World’s largest zombie gathering

Saturday, Oct 5, 2013, marked the World’s Largest Gathering of Zombies by Guinness World Record™. It all went down on the Asbury Park Boardwalk in New Jersey. 9,592 undead turned out for the NJ Zombie Walk to reclaim the title from the current record breaking event which took place at the 8th annual The Zombie Pub Crawl in Minneapolis, Minnesota at Midway Stadium on Oct 13, 2012.
nj zombie walk 2013 record breaking photo
screen shot take from njzombiewalk.com
Unfortunately, I didn’t make it there before the gates closed for counting but I was definitely there in spirit and in costume. My boyfriend, who had taken classes in special effects and has always been inspired by the work of Tom Savini (Dawn of The Dead, etc.), decided it would be fun if he got me into character for the event. He hadn’t done makeup in a while so it was partly experimentation, but we both enjoyed the process and transformation and had a lot of fun taking pics.

THE TOOLS

makeup tools laid out on bed
Tools used for the makeup included: bottle of liquid latex, fake red and black blood, ben nye products, paint brushes, cotton balls, eyeliner, stipple sponge, baby oil/mineral oil, elmer’s glue stick, rubbing alcohol.
various paint brushes used for makeup various markers used for makeup fake blood and other makeup tools makeup tools laid out on bed makeup tools laid out on bed

THE PROCESS

latex and cotton application to build up features
latex and cotton application to build up features

black makeup application around eyes and mouth first layer of makeup and detailing mean zombie face

close up of zombie face
I purchased fake zombie teeth to enhance the effect. They’re a little clunky but funny looking.
latex on hands
We added nails and covered my hands really quick just to help them match my face. By the time we got to the boardwalk it was already peeling.

latex makeup mask in full zombie makeup on the street

 

latex makeup mask
The grease makeup prevented the latex from sticking to every part of my face. By the time the night was over, I just cut the mask in half and peeled it off my face, leaving only the edges.

latex makeup mask

after makeup/latex is removed
the latex peeled off, but getting it off my hairline and neck took time. I used uni-solve (used in hospitals) and it worked great. The green around my mouth is food coloring that I used to darken my teeth and the edges of my skin underneath the latex.

Jazz. Born in America. Enjoyed Worldwide.

My boyfriend is a big jazz fan. He started getting into it a few years ago when he took up the trumpet. Even though I played the trumpet 3 years in junior high school and was in Jazz Band, I was convinced that I never really knew much about the music and had never been overly interested in it. It wasn’t hard getting exposure to it, since he listened, played and read about all the time. And it wasn’t long until I realized the importance and popularity of the songs I played in Jazz Band. I finally learned what Mack the Knife was about and that ‘What a Wonderful World’ isn’t what made Louis Armstrong famous. I learned about musicians and singers, watched movies and documentaries, and bought books that helped catch me up to speed on what I had been ignorant about for so long.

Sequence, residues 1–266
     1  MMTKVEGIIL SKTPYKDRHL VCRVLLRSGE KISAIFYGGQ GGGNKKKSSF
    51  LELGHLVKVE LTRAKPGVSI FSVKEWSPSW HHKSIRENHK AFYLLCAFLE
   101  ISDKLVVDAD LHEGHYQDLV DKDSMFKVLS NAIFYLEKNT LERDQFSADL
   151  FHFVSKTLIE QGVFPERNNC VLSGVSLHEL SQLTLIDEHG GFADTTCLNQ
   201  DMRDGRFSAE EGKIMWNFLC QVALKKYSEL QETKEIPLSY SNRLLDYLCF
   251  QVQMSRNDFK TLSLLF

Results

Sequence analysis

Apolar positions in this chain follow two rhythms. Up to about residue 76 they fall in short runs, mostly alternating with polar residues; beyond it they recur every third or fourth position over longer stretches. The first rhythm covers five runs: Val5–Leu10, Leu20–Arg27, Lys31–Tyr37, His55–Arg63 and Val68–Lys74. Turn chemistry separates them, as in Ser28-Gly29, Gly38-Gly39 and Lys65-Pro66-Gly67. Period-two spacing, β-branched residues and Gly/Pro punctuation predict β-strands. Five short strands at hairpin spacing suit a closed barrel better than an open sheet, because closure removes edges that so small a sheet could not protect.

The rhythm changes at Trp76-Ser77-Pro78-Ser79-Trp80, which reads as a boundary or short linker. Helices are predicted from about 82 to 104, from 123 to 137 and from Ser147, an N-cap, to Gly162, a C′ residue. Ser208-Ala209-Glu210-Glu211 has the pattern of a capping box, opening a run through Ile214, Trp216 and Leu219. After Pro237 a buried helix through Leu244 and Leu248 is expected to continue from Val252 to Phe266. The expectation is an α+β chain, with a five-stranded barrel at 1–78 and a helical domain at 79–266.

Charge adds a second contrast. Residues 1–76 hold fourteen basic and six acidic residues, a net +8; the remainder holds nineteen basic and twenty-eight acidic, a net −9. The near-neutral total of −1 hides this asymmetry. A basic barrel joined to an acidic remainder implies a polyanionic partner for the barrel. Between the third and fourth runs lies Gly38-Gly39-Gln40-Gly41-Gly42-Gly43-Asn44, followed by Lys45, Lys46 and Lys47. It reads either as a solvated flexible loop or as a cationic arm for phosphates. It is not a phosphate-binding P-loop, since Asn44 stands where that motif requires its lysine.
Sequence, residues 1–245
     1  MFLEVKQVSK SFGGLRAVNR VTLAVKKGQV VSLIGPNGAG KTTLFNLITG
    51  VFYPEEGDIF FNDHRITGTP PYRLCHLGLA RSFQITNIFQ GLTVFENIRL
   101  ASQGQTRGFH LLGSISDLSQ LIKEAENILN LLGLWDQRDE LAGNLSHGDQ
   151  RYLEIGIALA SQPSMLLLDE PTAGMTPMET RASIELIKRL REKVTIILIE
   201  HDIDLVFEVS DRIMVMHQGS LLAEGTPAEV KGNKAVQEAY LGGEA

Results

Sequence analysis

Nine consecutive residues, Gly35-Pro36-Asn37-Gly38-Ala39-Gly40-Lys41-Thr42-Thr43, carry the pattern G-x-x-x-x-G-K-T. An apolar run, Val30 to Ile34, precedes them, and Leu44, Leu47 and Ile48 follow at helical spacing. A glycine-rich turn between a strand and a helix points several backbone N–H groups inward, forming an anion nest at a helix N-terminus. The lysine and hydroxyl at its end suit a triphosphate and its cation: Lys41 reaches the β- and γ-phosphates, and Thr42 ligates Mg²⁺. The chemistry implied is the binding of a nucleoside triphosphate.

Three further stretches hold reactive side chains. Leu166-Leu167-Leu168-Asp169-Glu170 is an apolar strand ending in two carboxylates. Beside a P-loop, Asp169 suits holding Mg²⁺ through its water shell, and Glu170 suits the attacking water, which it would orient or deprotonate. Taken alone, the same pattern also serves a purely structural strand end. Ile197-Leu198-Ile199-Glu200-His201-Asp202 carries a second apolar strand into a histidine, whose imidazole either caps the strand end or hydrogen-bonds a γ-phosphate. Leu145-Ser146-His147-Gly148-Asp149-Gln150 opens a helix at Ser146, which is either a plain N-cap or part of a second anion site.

So that started my love of jazz and, I guess you could say, a great history lesson into music. Apple pie and baseball may be American pastimes, but nothing else can claim to be born in America and enjoyed worldwide.

A Great Day in Harlem photo. Taken by Art Kane in 1958 .

This photo, entitled A Great Day in Harlem, was shot by Art Kane in 1958. The idea was to create a group portrait of living legendary jazz musicians (57 are featured) on a Harlem street. It turned out to be one of the most iconic portraits in music, if not photography. The one question I have, though, is why people like Louis Armstrong and Miles Davis, to name a few, aren’t there. I simply think that some of these musicians weren’t from NY, or in NY at the time of this shoot, and they just couldn’t make it.

Not all of the faces are clear enough to identify by name, if you even know all of them. But fortunately, Art Kane’s site (click the ‘harlem’ link at the top to see this photo) enables visitors to roll over each person and see their name in the lower right hand corner.